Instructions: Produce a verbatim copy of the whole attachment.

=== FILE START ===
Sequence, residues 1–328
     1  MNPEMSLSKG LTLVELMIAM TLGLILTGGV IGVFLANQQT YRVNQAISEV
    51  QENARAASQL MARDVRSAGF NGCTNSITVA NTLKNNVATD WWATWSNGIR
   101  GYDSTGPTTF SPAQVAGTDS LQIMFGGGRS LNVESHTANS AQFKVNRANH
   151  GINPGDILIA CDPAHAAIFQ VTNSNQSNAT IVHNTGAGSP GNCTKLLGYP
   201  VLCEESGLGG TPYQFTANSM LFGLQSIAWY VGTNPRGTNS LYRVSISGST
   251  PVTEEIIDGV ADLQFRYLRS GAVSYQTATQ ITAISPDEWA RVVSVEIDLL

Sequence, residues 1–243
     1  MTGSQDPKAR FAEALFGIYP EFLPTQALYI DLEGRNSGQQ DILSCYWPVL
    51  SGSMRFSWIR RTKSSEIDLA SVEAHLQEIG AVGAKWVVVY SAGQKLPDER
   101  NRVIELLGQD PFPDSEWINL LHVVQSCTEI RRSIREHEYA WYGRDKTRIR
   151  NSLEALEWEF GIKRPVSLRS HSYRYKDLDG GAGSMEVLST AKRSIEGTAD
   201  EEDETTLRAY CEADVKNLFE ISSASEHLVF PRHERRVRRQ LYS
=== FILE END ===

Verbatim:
Sequence, residues 1–328
     1  MNPEMSLSKG LTLVELMIAM TLGLILTGGV IGVFLANQQT YRVNQAISEV
    51  QENARAASQL MARDVRSAGF NGCTNSITVA NTLKNNVATD WWATWSNGIR
   101  GYDSTGPTTF SPAQVAGTDS LQIMFGGGRS LNVESHTANS AQFKVNRANH
   151  GINPGDILIA CDPAHAAIFQ VTNSNQSNAT IVHNTGAGSP GNCTKLLGYP
   201  VLCEESGLGG TPYQFTANSM LFGLQSIAWY VGTNPRGTNS LYRVSISGST
   251  PVTEEIIDGV ADLQFRYLRS GAVSYQTATQ ITAISPDEWA RVVSVEIDLL

Sequence, residues 1–243
     1  MTGSQDPKAR FAEALFGIYP EFLPTQALYI DLEGRNSGQQ DILSCYWPVL
    51  SGSMRFSWIR RTKSSEIDLA SVEAHLQEIG AVGAKWVVVY SAGQKLPDER
   101  NRVIELLGQD PFPDSEWINL LHVVQSCTEI RRSIREHEYA WYGRDKTRIR
   151  NSLEALEWEF GIKRPVSLRS HSYRYKDLDG GAGSMEVLST AKRSIEGTAD
   201  EEDETTLRAY CEADVKNLFE ISSASEHLVF PRHERRVRRQ LYS